My Norwegian Adventure Part 4 (Bodø, The Gateway)

It’s never easy for me to leave places, many memories but some stay behind in the shadows, I end up with mixed emotions both happy and sad. I will be very happy that I will have enriched my life with new amazing experiences, food, smells, views, excitement and adventure but sad that most of the fantastic people I will have met will be distance memories over time, and mostly to never meet again, but for a few unfortunate souls that will feature in future travels!

As we sat on the runway at Tromsø airport a scandinavian accent with eloquent English reminds me just how far north we are and preparing for take-off involves a trip to the ‘de-icier’, jeez, what’s that all about, a new one for me. Memories of cold UK winters with a screen scraper trying too remove ice from a frozen windscreen, using a combination of grunt, spray and warm water to expedite the process of removing ice in the cold breath of winter, this will be an interesting experience. My mind wanders briefly imaging a team of well covered individuals clambering all over the plane to make sure it’s safe to make our journey south to Bodø!

We are in a super efficient land of common sense and very soon a big elevated cab with an individual onboard, controlling a pair of high pressure sprays, dosing the plane with a pinkish fluid which has immediate effect on the frost and ice, soon we are heading for the runway, a pause for a couple of minutes as a twin prop plane lines up to land, and then we are off, heading into the sky and down towards my next stop, Bodø.

During the planning phase of my Norwegian adventure which had taken many months, I tried to find places of interest both from a culture perspective as well as cuisine as my main draw to travel is food, very closely followed by culture, and Bodø has it in lorry loads. Having got up a ‘silly o’clock’ and not wanting to consume plastic wrapped food which would probably contain more un-recognisable chemicals that ‘real’ ingredients I had planned to have breakfast when I landed. That’s actually more difficult that it seems as we glided into Bodø just before 8’o’clock and this sleepy coastal town didn’t seem to wake before 10:00! Bugger!

It took me quite some time to find a ‘cult’, ‘artisan’ eatery that was going to be open at a sensible hour, my taxi driver suggested the locals were lazy, she was up at 04:00 every day but this sleepy little town didn’t really awaken until 10:00 at the earliest. My destination was Berbusmel, a delicatessen that opened at 09:00, which seemed to offer the kind of food I was interested in.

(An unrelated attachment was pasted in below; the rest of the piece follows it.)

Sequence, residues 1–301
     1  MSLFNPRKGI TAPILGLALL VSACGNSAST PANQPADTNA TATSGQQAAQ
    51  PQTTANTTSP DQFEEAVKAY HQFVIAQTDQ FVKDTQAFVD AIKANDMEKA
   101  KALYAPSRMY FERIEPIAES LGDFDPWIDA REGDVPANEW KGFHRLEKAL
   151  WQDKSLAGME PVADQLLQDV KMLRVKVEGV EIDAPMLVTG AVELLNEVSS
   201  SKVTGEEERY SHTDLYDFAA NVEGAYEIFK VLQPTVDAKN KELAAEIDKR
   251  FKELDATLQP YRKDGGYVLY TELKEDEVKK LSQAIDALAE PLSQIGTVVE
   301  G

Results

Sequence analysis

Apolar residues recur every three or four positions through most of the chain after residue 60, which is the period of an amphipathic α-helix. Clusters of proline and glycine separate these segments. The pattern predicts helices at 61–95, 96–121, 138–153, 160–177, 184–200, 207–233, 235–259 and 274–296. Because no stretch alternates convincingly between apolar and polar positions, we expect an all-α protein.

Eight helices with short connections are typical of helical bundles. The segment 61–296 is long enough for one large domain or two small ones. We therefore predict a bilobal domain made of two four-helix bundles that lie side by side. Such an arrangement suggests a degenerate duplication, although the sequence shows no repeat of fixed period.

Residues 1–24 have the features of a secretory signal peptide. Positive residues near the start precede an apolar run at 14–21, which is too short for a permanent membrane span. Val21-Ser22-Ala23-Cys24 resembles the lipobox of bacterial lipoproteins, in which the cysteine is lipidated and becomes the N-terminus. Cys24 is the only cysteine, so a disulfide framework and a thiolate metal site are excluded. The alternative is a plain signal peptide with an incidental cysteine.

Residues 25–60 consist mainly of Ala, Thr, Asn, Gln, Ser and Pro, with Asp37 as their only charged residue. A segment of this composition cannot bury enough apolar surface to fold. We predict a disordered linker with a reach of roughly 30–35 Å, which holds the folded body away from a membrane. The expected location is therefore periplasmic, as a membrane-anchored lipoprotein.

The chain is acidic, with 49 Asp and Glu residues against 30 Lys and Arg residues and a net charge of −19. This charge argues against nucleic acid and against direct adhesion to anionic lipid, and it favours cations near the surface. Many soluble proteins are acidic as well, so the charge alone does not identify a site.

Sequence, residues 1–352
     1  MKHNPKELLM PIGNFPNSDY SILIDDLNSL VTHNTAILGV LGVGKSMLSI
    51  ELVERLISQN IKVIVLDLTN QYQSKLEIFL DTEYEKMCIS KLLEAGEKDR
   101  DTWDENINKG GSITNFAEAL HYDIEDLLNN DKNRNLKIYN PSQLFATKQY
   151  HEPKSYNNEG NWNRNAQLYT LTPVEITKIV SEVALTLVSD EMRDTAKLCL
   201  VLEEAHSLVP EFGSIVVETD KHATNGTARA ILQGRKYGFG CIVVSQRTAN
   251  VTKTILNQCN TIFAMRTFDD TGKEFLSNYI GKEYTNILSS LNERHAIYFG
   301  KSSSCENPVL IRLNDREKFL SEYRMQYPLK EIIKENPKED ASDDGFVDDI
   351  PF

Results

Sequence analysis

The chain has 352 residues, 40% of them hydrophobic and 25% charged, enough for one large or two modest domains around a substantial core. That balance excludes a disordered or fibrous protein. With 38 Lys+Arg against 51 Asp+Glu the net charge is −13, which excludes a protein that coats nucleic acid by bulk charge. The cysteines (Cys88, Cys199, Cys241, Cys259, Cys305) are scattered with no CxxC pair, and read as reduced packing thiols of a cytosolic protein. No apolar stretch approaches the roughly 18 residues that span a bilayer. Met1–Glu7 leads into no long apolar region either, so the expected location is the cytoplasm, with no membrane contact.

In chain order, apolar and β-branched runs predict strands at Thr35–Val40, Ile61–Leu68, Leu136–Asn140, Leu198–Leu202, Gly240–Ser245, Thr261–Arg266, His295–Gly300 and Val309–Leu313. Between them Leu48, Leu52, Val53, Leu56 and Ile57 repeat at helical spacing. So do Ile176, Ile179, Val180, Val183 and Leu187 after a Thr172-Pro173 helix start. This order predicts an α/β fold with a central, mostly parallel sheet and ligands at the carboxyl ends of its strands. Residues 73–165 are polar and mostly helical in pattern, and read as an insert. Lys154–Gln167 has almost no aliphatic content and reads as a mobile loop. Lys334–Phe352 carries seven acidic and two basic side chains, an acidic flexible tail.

I arrived in town at 08:15 so took a wander, rang the wife to catch up on happenings at home, luckily no dramas and before too long it was opening time, within seconds of 9 o’clock locals were clambering to purchase the wonderful delights inside. I entered, found a quiet corner to settle and enquired as to what was typical for breakfast, the suggestion was to try a ‘Svinenakke’! Oerrrr missus, sounds interesting, a Pork Ciabatta with Pesto, Cheese and Salad so definitely not your typical fry up! I did fancy something sweet as well and the ‘house special’ was ‘Skolebrød’ so one of those was ordered along with a Latte. Booooom, absolutely delicious the whole selection was perfect and I took my time to savour every bite.

I had arranged my onward transport for later that afternoon over to Lofoten, both Ferry and Plane were booked as the weather can change very quickly here, I didn’t want to risk not getting over that evening and miss the start of my time at Holmen Lofoten and the ‘Kitchen On The Edge of The Earth’ experience. I had already checked in, the flight was only 20 minutes and I could enjoy some scenery after I landed, on the drive up to Søvågen, the final destination. There were as couple of places I had planned to visit during the stopover, The Norwegian Aviation Museum, and the Jektefartsmuseet a maritime and cultural museum which also looked interesting.

The museum was really interesting, covering both civil and military aircraft and associated paraphernalia, I wandered though time, exploring the different craft and their specific role and history and before long it was close to lunch and my back was aching. I decided to miss the other museum and get back to the airport, I could return another day with the family, they would love this place. I sat down at the airport and decided to use the time to write the blog from the previous day before my creative spirit vanished. Soon, we were boarding the plane to Leknes, the airport on Lofoten.

A Dash 8 was to be our vessel of transport, no seats were allocated but I was in ‘Group A’, the 1st to board so had plenty of choice, settling down for the 20 minute flight we were soon in the air and on the way. There is something romantic about small planes with propellers, a vulnerability, they don’t fly high, seem somewhat flimsy but ‘Bernoullis Principle of Laminar Flow’ ensures that unless the wings fall off, it’s as safe as houses!

My First experience of landing at Leknes airport on Lofoten was a runway were people wandered about taking pictures and enjoying the scenario, a lovely, small and simple arrivals hall, and the gift of Dried Smoked Haddock, a local speciality that my driver and part of the Holmen Lofoten ‘family’ friend Håvar, the unknown correspondent at the other end of the numerous emails we had exchanged over the past 10 or so months kindly offered me. I munched away as we drove to Holmen, the scenery was exhilarating, stunning, rugged, unbelievable, you could see and feel Trolls watching as we navigated the windy roads. After an hour we arrived at our final destination.

………………….Until Next Time……………..L8ers…………..

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